Control Effectiveness: a Capture-the-Flag Study

Arnau Erola, Louise Axon, Alastair Janse van Rensburg, Ioannis Agrafiotis, Michael Goldsmith, Sadie Creese
2021 The 16th International Conference on Availability, Reliability and Security  
As cybersecurity breaches continue to increase in number and cost, and the demand for cyber-insurance rises, the ability to reason accurately about an organisation's residual risk is of paramount importance. Security controls are integral to risk practice and decisionmaking: organisations deploy controls in order to reduce their risk exposure, and cyber-insurance companies provide coverage to these organisations based on their cybersecurity posture. Therefore, in order to reason about an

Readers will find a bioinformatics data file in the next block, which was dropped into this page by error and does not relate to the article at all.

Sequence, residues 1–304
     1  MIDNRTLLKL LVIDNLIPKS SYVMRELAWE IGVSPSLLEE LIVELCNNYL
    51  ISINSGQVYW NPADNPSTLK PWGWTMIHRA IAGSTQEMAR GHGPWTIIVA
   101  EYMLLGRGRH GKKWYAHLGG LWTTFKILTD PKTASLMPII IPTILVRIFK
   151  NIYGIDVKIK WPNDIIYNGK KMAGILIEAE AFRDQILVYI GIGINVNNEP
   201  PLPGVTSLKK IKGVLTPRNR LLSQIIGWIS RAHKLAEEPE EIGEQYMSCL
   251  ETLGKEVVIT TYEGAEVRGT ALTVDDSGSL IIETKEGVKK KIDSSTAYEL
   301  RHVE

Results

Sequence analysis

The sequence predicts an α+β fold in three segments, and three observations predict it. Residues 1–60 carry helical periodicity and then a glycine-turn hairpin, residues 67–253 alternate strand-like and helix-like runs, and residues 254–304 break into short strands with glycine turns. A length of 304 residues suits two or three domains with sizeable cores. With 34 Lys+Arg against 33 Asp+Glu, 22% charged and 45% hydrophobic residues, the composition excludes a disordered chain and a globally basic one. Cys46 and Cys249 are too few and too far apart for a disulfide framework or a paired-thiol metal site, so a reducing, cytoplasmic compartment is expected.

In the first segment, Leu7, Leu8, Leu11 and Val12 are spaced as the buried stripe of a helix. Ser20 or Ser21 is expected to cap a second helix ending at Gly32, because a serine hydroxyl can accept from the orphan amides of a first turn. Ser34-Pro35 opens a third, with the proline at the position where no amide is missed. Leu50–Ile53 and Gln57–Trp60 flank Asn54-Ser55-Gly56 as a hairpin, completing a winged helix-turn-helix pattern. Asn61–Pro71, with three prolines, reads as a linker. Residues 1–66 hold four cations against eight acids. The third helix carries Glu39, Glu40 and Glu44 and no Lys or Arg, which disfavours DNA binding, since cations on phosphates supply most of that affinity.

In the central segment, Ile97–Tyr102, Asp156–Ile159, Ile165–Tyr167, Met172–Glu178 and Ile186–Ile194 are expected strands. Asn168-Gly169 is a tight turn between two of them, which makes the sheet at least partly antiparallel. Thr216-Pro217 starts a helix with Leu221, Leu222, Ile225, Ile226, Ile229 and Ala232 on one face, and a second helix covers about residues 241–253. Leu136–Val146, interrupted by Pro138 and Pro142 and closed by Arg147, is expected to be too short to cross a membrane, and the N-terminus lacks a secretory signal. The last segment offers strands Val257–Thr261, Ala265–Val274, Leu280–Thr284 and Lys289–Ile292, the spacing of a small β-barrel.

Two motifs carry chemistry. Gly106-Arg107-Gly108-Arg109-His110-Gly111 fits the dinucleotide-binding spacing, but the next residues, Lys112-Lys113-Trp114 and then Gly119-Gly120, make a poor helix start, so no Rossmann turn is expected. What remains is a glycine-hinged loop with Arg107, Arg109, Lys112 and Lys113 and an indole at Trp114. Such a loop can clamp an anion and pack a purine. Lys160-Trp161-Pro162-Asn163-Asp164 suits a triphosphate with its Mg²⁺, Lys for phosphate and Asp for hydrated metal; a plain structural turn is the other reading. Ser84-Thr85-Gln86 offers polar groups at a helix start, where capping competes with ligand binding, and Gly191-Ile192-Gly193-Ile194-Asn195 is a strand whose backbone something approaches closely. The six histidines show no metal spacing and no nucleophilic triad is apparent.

more » ... ation's residual risk, it is critical to possess an accurate understanding of the controls organisations have in place and of the influence that these controls have on the likelihood that organisations will be harmed by a cyber-incident. Supporting evidence, however, for the effectiveness of controls is often lacking. With the aim of enriching internal threat data, in this article we explore a practical exercise in the form of a capture-theflag (CTF) study. We experimented with a set of security controls and invited four professional penetration testers to solve the challenges. The results indicate that CTFs are a viable path for enriching threat intelligence and examining security controls, enabling us to begin to theorise about the relative effectiveness of certain risk controls on the face of threats, and to provide some recommendations for strengthening the cybersecurity posture. CCS CONCEPTS • Security and privacy → Systems security; Network security; Intrusion/anomaly detection and malware mitigation.
doi:10.1145/3465481.3470095 fatcat:agmatzxh5ngxjcicglh66ejdhq